Open Access Research article

Role of trehalose in heat and desiccation tolerance in the soil bacterium Rhizobium etli

Mercedes Reina-Bueno1, Montserrat Argandoña1, Joaquín J Nieto1, Alba Hidalgo-García3, Fernando Iglesias-Guerra2, María J Delgado3 and Carmen Vargas1*

  • * Corresponding author: Carmen Vargas cvargas@us.es

  • † Equal contributors

Author Affiliations

1 Department of Microbiology and Parasitology, Faculty of Pharmacy, University of Seville, Profesor García González 2, Seville, 41012, Spain

2 Department of Organic and Pharmaceutical Chemistry, Faculty of Pharmacy, University of Seville, Profesor García González, Seville, 41012, Spain

3 Estación Experimental del Zaidín, CSIC, PO Box 419, Granada, 18080, Spain

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BMC Microbiology 2012, 12:207  doi:10.1186/1471-2180-12-207

Published: 17 September 2012

Additional files

Additional file 1:

Table S1. R. etli genes involved in trehalose and glutamate metabolis.

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Additional file 2:

Figure S1. Genomic analysis of R. etli pathways involved in trehalose metabolism. (A) Genomic context of genes involved in trehalose metabolism. Position and clustering of genes included in 1 are indicated. (B) Neighbor-joining tree based on proteins belonging to families 13 and 15 of glycosydases, including the three TreC-like proteins from R. etli. The tree is drawn to scale, with branch lengths in the same units as those of the evolutionary distances used to infer the phylogenetic tree. The E. coli and Rhrodothermus marinus representatives were used as outgroup. The evolutionary distances were computed using the Poisson correction method and are in the units of the number of amino acid substitutions per site. The rate variation among sites was modeled with a gamma distribution (shape parameter = 1). All positions containing gaps and missing data were eliminated from the dataset (complete deletion option). Bootstrap probabilities (as percentage) were determined from 1000 resamplings.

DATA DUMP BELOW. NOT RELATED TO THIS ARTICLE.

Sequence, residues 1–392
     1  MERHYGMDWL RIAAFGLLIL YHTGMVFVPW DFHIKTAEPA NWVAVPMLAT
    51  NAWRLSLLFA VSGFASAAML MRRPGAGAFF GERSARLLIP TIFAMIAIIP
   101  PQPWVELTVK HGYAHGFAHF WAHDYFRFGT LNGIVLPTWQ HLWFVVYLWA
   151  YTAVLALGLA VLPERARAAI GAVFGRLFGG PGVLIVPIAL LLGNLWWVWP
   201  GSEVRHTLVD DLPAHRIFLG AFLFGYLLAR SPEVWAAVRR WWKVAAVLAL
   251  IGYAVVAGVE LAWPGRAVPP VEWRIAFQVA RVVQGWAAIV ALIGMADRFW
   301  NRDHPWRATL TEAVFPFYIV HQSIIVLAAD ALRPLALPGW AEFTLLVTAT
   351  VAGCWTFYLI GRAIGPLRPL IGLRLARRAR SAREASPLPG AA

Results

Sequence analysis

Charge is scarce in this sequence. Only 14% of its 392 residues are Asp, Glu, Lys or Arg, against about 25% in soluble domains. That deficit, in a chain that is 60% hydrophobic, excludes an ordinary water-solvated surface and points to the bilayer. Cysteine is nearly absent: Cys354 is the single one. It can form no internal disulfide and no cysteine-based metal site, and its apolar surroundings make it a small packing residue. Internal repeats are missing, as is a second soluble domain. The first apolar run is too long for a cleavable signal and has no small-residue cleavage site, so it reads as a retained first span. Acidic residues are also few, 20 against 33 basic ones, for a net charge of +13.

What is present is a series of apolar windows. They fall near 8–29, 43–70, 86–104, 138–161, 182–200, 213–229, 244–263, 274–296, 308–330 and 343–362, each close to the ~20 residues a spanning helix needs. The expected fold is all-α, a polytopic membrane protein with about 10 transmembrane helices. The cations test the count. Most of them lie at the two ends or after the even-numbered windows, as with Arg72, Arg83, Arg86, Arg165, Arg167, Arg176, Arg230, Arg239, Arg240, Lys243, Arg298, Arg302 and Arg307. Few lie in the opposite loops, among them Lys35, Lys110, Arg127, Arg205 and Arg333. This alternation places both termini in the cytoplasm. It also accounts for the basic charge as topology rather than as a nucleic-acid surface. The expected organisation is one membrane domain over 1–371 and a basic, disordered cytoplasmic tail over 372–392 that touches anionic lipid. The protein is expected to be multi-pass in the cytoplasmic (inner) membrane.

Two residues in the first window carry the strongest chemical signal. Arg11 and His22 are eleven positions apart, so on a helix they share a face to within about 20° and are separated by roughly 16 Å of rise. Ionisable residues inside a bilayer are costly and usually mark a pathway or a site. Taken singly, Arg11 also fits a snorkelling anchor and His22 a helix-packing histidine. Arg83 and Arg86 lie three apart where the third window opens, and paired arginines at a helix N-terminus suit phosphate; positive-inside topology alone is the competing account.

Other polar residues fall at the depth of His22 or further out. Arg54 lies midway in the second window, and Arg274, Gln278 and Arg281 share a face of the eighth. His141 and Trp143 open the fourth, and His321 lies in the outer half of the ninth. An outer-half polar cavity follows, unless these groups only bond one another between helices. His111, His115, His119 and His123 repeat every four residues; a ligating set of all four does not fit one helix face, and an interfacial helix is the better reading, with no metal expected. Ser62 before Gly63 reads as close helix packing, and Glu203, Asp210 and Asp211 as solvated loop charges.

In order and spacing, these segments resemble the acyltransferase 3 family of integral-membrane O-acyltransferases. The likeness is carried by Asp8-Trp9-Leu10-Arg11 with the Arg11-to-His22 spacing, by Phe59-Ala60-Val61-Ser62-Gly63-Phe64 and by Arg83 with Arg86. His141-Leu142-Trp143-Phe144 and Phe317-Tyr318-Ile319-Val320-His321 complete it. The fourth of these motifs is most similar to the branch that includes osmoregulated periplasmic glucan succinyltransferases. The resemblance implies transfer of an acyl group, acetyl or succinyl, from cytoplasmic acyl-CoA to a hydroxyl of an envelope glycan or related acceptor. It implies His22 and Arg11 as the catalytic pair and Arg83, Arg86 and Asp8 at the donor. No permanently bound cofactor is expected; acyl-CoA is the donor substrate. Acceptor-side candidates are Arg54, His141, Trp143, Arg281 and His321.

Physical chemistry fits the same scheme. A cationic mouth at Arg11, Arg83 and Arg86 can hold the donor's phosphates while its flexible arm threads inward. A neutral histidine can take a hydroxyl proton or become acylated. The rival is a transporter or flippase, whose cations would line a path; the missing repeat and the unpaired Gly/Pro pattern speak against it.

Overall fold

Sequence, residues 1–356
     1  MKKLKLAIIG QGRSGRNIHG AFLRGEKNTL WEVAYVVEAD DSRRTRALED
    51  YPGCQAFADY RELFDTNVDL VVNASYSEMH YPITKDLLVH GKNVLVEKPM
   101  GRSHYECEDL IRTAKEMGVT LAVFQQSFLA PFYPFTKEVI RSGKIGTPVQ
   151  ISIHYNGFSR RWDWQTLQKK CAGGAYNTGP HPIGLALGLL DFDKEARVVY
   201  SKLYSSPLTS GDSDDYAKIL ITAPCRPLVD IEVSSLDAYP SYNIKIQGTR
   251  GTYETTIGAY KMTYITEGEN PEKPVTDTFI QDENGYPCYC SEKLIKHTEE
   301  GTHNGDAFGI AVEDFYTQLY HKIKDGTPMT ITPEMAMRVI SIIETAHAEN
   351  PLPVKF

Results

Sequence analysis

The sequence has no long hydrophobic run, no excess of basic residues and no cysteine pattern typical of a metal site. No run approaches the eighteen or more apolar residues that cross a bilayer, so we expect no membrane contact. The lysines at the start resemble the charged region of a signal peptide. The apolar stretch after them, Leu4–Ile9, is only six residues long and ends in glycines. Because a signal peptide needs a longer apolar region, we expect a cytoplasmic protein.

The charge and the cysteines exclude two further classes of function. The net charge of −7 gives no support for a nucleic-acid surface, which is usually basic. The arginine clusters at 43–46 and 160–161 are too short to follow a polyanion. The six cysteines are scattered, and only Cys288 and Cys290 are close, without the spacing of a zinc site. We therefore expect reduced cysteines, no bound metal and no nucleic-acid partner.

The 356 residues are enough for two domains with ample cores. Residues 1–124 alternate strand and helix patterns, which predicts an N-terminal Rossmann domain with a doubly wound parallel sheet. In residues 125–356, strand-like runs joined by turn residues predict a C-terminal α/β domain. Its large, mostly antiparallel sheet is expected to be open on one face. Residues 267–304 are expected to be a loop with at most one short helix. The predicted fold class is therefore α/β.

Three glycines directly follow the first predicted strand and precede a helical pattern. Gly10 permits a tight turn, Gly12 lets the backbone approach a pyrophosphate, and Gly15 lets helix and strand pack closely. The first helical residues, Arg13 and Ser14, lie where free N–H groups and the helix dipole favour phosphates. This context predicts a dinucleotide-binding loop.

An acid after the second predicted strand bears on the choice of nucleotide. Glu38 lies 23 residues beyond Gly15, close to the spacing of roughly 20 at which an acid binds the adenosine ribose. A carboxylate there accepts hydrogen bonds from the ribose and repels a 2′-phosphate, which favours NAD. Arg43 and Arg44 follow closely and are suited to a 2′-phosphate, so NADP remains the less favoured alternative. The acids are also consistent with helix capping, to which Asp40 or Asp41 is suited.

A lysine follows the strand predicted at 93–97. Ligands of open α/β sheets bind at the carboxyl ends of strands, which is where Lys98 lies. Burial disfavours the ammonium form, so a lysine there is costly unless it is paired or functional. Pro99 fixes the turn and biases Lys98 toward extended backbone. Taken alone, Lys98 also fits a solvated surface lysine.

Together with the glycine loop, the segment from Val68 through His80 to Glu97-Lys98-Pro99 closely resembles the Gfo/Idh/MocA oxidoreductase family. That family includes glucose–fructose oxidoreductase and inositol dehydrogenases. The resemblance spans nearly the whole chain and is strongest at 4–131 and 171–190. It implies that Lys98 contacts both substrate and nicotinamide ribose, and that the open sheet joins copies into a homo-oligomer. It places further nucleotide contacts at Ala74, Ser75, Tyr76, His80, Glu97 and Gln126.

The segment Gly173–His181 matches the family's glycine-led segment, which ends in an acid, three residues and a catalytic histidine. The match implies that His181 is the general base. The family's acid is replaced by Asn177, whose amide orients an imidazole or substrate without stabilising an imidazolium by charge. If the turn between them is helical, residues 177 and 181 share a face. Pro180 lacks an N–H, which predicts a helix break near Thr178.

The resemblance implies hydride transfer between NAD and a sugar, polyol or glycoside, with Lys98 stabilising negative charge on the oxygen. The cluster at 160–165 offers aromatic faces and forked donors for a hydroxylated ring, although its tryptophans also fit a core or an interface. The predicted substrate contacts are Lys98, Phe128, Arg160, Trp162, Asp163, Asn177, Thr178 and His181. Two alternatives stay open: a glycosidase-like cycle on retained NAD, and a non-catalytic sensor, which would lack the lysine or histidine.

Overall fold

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Additional file 3:

Figure S2. Growth of R. wild type (WT) and the otsAch mutant CMS310 with trehalose and glucose as the sole carbon source. Cells were grown in at 28°C in B- minimal medium with 20 mM trehalose or glucose and 0.0 or 0.2 M NaCl.

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